I had a book of debate prompts about that age. You seem to like structure, so you could tell him to make a powerpoint presentation for one each week. So now you're getting creative, going multi-media, working on typing, etc. and you're making him THINK and debate.
Does he keep up with news and current events? That was about the age I had my dd receiving God's World News and Muse magazine. There's a Time Magazine for kids that you can view online at various reading/age levels. He could read those, pick one to read more about by googling, and then come prepared to discuss at a weekly tea.
Apply more, don't just plow ahead into harder material. It's not really going to be hard anyway, only tedious. That's what I finally had to realize, that my dd was constantly working HERSELF at a much harder level than any curriculum was. Advancing didn't make a difference. Later, when she was in high school, I had her read through essay collections, the Nancy Pearson books, things that would make her think. Around 8th she was reading through the high school TOG philosophy books. With those I would read ahead the chapters and make her study guides myself. Once she hit high school, I had ds and was overwhelmed. I just had her read and keep a response journal. That drove her crazy, but she later realized WHY when she got into college classes and was being told to keep one.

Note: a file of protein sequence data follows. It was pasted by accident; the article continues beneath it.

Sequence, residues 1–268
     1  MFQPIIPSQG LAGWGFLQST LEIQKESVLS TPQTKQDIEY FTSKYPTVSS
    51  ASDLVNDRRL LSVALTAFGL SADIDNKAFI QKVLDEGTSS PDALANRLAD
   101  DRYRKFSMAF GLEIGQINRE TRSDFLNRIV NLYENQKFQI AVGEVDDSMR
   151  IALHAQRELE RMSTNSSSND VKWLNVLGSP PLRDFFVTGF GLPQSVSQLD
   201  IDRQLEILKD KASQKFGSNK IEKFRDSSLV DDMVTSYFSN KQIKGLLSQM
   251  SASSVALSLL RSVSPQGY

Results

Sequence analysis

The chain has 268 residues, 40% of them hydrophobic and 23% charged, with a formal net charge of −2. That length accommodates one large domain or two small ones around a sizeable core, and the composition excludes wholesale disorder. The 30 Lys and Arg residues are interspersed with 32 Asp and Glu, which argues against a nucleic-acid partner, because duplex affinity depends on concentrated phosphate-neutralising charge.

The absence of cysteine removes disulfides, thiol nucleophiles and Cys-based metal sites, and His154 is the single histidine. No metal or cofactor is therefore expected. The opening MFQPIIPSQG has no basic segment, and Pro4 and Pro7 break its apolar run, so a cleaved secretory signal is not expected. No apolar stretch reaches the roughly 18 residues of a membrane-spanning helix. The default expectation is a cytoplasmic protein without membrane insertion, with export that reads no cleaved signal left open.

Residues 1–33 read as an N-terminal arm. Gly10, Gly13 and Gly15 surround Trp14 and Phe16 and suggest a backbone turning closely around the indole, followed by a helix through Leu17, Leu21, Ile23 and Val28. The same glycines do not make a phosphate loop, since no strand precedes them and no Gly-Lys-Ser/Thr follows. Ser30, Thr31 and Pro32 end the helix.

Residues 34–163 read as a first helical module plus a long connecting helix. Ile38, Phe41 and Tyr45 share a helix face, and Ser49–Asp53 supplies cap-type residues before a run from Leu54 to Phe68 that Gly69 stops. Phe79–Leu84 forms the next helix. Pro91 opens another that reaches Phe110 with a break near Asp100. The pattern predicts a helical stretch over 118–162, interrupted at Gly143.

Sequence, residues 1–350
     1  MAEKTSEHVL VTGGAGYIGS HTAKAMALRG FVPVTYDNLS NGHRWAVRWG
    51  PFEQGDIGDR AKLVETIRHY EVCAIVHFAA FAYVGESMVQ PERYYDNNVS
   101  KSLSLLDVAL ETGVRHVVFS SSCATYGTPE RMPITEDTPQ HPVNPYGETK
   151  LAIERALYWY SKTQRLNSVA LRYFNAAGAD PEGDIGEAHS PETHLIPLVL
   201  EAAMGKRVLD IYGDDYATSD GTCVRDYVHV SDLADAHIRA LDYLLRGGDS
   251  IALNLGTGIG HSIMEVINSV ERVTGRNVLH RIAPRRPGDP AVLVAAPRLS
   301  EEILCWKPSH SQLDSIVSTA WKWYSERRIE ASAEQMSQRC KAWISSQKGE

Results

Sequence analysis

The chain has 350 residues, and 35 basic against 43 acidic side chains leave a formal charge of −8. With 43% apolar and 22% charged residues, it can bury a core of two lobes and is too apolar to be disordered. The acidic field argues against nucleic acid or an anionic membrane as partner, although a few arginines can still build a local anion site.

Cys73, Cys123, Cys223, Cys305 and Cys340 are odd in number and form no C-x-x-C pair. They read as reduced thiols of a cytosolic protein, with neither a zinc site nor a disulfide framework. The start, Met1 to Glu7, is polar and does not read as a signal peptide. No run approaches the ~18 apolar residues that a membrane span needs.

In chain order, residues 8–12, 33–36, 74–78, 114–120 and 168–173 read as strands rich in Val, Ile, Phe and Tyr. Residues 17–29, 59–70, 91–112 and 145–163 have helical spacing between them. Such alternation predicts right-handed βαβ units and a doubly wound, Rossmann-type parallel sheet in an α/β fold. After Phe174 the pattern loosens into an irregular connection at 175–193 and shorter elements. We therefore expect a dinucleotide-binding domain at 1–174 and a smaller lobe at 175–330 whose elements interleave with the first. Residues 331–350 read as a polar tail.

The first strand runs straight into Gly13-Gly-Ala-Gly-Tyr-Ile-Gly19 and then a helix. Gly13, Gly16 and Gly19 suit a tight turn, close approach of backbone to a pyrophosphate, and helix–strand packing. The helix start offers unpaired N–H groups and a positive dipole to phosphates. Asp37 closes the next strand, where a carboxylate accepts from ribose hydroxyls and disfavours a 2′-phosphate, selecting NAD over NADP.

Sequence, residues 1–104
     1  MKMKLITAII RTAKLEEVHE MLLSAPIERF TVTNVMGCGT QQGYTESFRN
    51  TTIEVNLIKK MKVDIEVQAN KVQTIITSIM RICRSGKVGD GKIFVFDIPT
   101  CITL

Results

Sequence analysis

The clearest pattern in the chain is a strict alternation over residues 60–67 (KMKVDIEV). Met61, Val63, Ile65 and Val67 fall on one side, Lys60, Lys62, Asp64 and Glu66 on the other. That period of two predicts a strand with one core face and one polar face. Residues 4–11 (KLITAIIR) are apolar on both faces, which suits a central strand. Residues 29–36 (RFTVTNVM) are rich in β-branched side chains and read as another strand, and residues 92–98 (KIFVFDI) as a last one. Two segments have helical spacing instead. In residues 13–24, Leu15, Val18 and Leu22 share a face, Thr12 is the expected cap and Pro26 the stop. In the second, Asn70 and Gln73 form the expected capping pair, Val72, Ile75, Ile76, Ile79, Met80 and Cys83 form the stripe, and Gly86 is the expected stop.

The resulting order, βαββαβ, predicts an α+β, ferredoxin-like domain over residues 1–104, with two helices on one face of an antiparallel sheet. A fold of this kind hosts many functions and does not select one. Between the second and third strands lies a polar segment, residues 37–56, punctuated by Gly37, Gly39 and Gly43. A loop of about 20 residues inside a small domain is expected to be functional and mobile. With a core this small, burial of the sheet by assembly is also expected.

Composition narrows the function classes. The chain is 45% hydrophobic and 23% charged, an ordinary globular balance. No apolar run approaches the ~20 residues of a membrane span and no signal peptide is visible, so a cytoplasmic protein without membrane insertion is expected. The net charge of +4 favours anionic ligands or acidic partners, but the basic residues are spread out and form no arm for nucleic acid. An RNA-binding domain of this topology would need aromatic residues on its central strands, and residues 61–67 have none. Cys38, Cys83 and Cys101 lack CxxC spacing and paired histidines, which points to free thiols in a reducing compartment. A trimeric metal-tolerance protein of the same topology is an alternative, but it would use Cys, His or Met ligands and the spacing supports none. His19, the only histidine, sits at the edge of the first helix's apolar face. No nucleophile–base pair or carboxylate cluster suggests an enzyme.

Don't get in the way of his education with too much stuff. Figure out what his brain is trying to do and make time in the day for it. Figure out what his brain ISN'T getting done, and make a plan for it. Try to do more application, more creativity, more thinking, not just more content. Go farther out of the box and don't be afraid.
I paid $2k for that advice.
PS. I totally, totally respect moms who have a really structured approach. Like I read what Heathermomster gets done and it's very WOW. My ds, I think, will respond to that really clear, consistent structure. He does now, so I expect it to continue. What I do with my ds is NOT what I did with my dd. My dd was that really typical Mary Poppins, ADHD-inattentive, and what I listed above is what I did with her. Like in high school, I bought her books on costume history. Piles of books, $50 a pop books. And she would sit and read them and compare and design and think and make connections. She did a study of ballerina tutus and stuff that to me is a bunch of stupidity, honestly. We made sure she had TIME for that. She had required stuff, stuff with a syllabus, but she had enough time to pursue these other things that HER brain wanted to do. It was fine. The skills she learned with her pursuits are skills she has to carry over to other things now and be successful. She had to learn how she learns and she did it by learning. She already had strong skills to do blatant things like go through a textbook. We were doing high school texts in junior high. They just weren't interesting, thought provoking. Advancement isn't as good as THOUGHT. I tried to make sure she was thinking and analyzing, no matter what she was doing. That has held up well for her.
Edited by PeterPan, 04 February 2018 - 01:01 PM.